Document creation consumes a significant portion of every lawyer’s time regardless of practice area—up to 60% of lawyer time is spent drafting documents. And lawyers spend an additional 10 hours per week revising, editing, polishing, and proofreading. But despite this effort, according to Lexis Nexis, 90% of all legal documents still contain errors regardless of whether they were proofread.
Here are 10 strategies to make your proofreading and editing more effective.
- Let Your Document Sit. If time permits, set aside your work to gain distance. Even 15 minutes will help, but it is best to leave it overnight. When you come back to your work, you will see it with fresh eyes and renewed attention.
- Review In Stages. Approach each proofreading and editing task separately. Check spelling. Then sentence structure. Then word choice. Then punctuation. And so on. If you try to identify and fix too much at once, you risk losing focus, and your review will be less effective.
- Read Aloud. It forces you to say each word and hear how the words sound. Whereas reading silently allows you to skip over errors or make unconscious corrections. Reading aloud also helps us discern when something doesn't sound right—even if it’s grammatically correct—and adjust. Try letting Microsoft Word read it to you.
- Take Regular Breaks. It’s tough to maintain focus on detail-oriented work for more than 30 minutes at a time. Schedule breaks before your attention wanes.
- Interact with the Text. Circle confirmed punctuation or place checkmarks next to paragraphs you’ve checked. Interacting with the text helps to keep you engaged.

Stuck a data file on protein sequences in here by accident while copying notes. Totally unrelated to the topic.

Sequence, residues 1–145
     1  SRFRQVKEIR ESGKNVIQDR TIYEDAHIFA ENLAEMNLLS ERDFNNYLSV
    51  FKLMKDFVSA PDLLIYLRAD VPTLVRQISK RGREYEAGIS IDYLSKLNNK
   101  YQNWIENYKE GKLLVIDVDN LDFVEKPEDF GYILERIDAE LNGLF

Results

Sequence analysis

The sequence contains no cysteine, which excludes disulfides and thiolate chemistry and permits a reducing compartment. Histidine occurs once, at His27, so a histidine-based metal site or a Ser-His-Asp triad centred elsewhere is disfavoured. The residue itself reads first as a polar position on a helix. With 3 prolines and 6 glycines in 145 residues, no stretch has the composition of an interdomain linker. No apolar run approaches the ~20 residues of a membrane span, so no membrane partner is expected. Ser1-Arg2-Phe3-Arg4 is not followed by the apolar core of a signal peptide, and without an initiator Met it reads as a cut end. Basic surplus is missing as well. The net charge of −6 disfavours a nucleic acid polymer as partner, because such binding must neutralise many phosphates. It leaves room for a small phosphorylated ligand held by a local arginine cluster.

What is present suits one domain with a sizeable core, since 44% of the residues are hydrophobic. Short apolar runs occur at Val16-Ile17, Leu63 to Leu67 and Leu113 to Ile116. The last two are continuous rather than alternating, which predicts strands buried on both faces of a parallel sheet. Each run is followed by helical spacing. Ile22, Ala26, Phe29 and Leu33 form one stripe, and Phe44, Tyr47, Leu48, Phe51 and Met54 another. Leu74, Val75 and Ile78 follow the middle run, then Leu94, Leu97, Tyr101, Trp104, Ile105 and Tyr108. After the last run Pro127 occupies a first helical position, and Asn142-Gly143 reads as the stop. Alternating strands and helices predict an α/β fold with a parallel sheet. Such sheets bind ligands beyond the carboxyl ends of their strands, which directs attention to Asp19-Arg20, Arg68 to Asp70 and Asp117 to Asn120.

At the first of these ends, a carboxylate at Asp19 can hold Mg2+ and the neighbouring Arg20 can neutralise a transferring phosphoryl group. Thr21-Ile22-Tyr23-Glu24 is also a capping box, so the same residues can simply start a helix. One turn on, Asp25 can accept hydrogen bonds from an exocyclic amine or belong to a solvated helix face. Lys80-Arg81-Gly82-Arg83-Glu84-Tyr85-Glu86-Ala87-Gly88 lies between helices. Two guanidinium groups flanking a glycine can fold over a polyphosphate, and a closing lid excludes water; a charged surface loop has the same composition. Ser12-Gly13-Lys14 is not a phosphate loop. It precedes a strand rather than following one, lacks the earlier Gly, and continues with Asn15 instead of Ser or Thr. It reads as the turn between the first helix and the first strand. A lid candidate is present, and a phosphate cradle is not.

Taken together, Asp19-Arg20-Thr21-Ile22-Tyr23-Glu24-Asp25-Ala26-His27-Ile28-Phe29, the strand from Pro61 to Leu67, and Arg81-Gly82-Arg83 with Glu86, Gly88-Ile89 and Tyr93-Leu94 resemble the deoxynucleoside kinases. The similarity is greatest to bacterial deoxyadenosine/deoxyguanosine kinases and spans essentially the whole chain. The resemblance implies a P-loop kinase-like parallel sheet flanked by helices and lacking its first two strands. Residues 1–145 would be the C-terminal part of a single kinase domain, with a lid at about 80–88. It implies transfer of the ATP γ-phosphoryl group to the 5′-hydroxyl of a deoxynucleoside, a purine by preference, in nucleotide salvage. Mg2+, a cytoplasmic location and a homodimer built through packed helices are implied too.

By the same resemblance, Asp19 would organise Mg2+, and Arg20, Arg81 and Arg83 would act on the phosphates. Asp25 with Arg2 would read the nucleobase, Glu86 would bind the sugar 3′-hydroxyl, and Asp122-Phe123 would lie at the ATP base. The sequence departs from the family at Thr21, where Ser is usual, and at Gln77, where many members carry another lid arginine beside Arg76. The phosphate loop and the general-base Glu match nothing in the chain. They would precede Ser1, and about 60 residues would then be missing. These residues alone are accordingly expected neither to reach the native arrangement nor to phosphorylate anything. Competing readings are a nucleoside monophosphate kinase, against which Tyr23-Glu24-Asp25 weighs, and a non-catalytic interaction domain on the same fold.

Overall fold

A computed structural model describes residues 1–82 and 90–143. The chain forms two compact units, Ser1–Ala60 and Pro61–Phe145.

- Isolate the Text. Use a blank sheet of paper to cover any text that you’ve not yet reviewed. This keeps your eyes from wandering and your attention from shifting.
- Change It Up. If your review is focused on substance, try changing the size, spacing, color, or style of the text so it feels different or unfamiliar.
- Review Headings Separately from Text. Approaching them separately ensures you check both types of text. Reviewing headings alone draws attention to inconsistencies and errors.
- Review Backward. Review one paragraph at a time in reverse order, starting with the last paragraph. It is still possible to review substance at the paragraph level.
- Use CTRL +F. Systematically search through your document for common errors and inconsistencies. This feature will also show you whether you have repeated a word or phrase too frequently.
These 10 strategies will help you work more effectively—but you must leave time to implement them. So be sure to set aside time for revising, proofreading, and editing. According to the Society for Editors and Proofreaders, assuming 300 words per page, a person may edit and proofread a document at the rate of 10 pages per hour.
But what if you don’t have that time—or you’re too tired to catch mistakes? That’s where software will make a difference. A computer program never gets tired or distracted—and it’s programmed to know the rules. Software like PerfectIt and WordRake can speed up and improve the tedious task of proofreading and editing.
WordRake provides reliable editing for clarity and brevity using the in-line, track-changes style. It edits for plain language and reduces jargon and legalese; cuts throat-clearing introductory phrases and useless words; corrects nominalizations and wordy adjective phrases; removes redundancies and corrects usage errors; and more. WordRake is the ideal editing solution for legal professionals, businesspeople, and sophisticated writers—and it was chosen by LexisNexis® Pacific for Lexis® Draft Pro. Try WordRake today.
About the Author
Ivy B. Grey is the Director of Business Strategy for WordRake. Prior to joining the team, she practiced bankruptcy law for ten years. In 2018, Ivy was recognized as a Fastcase 50 Honoree and included in the Women of Legal Tech list by the ABA Legal Technology Resource Center. Follow Ivy on Twitter @IvyBGrey or connect with her on LinkedIn.